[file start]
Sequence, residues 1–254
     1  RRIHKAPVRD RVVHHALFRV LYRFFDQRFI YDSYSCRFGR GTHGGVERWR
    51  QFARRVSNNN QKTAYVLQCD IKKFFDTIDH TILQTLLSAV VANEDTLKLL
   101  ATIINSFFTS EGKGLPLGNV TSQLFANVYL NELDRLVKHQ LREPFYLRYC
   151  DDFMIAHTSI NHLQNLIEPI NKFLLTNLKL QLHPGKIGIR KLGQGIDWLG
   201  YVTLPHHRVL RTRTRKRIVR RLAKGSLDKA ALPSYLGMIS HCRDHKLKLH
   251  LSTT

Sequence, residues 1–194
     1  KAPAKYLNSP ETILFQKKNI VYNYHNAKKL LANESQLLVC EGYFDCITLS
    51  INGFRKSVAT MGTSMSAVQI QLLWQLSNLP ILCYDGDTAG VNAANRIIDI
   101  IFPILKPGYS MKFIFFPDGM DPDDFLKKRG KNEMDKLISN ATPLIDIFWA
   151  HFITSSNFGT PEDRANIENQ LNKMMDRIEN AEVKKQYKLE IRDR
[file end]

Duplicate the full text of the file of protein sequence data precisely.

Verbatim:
Sequence, residues 1–254
     1  RRIHKAPVRD RVVHHALFRV LYRFFDQRFI YDSYSCRFGR GTHGGVERWR
    51  QFARRVSNNN QKTAYVLQCD IKKFFDTIDH TILQTLLSAV VANEDTLKLL
   101  ATIINSFFTS EGKGLPLGNV TSQLFANVYL NELDRLVKHQ LREPFYLRYC
   151  DDFMIAHTSI NHLQNLIEPI NKFLLTNLKL QLHPGKIGIR KLGQGIDWLG
   201  YVTLPHHRVL RTRTRKRIVR RLAKGSLDKA ALPSYLGMIS HCRDHKLKLH
   251  LSTT

Sequence, residues 1–194
     1  KAPAKYLNSP ETILFQKKNI VYNYHNAKKL LANESQLLVC EGYFDCITLS
    51  INGFRKSVAT MGTSMSAVQI QLLWQLSNLP ILCYDGDTAG VNAANRIIDI
   101  IFPILKPGYS MKFIFFPDGM DPDDFLKKRG KNEMDKLISN ATPLIDIFWA
   151  HFITSSNFGT PEDRANIENQ LNKMMDRIEN AEVKKQYKLE IRDR